Session Title

Through a Medieval Looking Glass: Reading Eustache Deschamps's Miroir de mariage

Sponsoring Organization(s)

Special Session

Organizer Name

Deborah M. Sinnreich-Levi

Organizer Affiliation

Stevens Institute of Technology

Presider Name

Deborah M. Sinnreich-Levi

Paper Title 1

The Miroir de mariage and the Vernacular Debate between the Vita Contemplativa and Vita Activa

Presenter 1 Name

Margriet Hoogvliet

Presenter 1 Affiliation

Rijksuniv. Groningen

Paper Title 2

Reconstructing Female Voices to Speak about Women: A Comparison Between Eustache Deschamps's Miroir de mariage and Geoffroy de la Tour Landry’s Livre pour l'enseignement de ses filles

Presenter 2 Name

Delphine Mercuzot

Presenter 2 Affiliation

Bibliothèque nationale de France

Start Date

14-5-2017 8:30 AM

Session Location

Schneider 1355

Description

Eustache Deschamps' Miroir de mariage has vexed scholars for many years -- in part because editions are few and translations, non-existent. Although the poet has drawn increasing interest from the scholarly community as Deschamps students have expanded in the last 30 years, the Miroir remains relatively unexplored. Is it a serious debate poem? Is it an encyclopedic compendium? What explains the poet's widely divergent content?: densely mystical metaphorical visions of the rewards of Christian behavior; searing portraits of the manners of the bourgeois; reworkings of stock pieces from the Widow of Ephesus to Secundus the Silent; catalogs of fish and fowl; accurate [?] depictions of the odd behaviors of men and women of many classes. This session solicits essays to examine ways to read all or sections of the Miroir.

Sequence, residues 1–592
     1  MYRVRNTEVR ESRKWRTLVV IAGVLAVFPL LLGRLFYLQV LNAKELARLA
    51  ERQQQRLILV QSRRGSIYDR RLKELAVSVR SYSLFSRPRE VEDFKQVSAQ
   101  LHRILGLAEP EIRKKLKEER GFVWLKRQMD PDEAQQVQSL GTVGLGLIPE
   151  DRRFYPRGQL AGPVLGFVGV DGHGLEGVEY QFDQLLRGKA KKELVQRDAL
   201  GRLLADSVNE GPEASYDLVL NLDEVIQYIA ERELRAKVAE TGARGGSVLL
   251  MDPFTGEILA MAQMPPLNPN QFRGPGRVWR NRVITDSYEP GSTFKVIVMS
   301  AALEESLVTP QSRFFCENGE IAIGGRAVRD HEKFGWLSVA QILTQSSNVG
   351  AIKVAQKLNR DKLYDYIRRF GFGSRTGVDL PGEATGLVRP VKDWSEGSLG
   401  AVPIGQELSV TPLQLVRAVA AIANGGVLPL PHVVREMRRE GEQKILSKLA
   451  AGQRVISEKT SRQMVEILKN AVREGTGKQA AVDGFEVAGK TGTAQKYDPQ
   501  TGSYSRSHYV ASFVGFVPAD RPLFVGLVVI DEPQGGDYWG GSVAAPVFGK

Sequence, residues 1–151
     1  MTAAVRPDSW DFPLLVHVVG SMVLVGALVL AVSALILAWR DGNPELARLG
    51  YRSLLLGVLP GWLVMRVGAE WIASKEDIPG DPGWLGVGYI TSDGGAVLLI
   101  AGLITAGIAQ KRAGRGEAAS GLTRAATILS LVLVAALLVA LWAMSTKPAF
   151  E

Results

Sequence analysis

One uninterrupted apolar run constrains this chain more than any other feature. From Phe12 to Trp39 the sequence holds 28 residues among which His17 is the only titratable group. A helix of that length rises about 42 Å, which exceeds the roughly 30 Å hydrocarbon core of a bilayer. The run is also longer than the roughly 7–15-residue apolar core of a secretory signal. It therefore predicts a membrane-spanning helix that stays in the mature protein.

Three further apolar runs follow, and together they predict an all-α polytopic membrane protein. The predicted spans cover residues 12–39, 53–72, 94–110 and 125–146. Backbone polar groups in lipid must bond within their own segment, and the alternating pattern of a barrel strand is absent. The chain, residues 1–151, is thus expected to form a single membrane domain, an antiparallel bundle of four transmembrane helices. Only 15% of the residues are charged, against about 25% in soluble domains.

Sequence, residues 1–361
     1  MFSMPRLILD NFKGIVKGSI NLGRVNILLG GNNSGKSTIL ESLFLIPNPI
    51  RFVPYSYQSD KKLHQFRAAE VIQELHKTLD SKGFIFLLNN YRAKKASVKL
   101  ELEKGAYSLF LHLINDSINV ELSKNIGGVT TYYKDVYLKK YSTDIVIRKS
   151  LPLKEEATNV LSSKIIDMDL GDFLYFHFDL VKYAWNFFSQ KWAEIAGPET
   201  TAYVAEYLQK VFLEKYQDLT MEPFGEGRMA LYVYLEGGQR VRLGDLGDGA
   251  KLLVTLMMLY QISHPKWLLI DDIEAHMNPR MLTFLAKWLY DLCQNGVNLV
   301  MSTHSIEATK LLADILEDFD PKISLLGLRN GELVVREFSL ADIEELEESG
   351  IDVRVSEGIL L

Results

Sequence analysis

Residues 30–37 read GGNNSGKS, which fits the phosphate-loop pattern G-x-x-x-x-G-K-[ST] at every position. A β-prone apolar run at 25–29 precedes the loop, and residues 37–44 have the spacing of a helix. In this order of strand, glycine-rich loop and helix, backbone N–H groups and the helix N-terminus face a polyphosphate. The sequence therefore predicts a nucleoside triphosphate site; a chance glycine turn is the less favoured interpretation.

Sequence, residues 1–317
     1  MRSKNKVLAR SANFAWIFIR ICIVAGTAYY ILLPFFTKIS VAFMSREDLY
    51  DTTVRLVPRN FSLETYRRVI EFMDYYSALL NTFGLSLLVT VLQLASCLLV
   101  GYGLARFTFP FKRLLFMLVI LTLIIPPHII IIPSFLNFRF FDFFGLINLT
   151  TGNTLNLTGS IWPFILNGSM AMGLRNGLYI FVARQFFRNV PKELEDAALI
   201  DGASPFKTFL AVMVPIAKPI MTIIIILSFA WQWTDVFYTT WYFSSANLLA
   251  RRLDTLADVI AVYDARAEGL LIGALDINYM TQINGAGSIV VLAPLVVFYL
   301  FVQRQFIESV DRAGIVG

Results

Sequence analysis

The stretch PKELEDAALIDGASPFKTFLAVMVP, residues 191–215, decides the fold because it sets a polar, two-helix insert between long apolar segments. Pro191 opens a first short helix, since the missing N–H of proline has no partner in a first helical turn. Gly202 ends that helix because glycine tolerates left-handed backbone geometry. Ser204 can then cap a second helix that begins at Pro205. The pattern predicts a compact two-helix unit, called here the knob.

Deborah M. Sinnreich-Levi

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May 14th, 8:30 AM

Through a Medieval Looking Glass: Reading Eustache Deschamps's Miroir de mariage

Schneider 1355

Eustache Deschamps' Miroir de mariage has vexed scholars for many years -- in part because editions are few and translations, non-existent. Although the poet has drawn increasing interest from the scholarly community as Deschamps students have expanded in the last 30 years, the Miroir remains relatively unexplored. Is it a serious debate poem? Is it an encyclopedic compendium? What explains the poet's widely divergent content?: densely mystical metaphorical visions of the rewards of Christian behavior; searing portraits of the manners of the bourgeois; reworkings of stock pieces from the Widow of Ephesus to Secundus the Silent; catalogs of fish and fowl; accurate [?] depictions of the odd behaviors of men and women of many classes. This session solicits essays to examine ways to read all or sections of the Miroir.

Deborah M. Sinnreich-Levi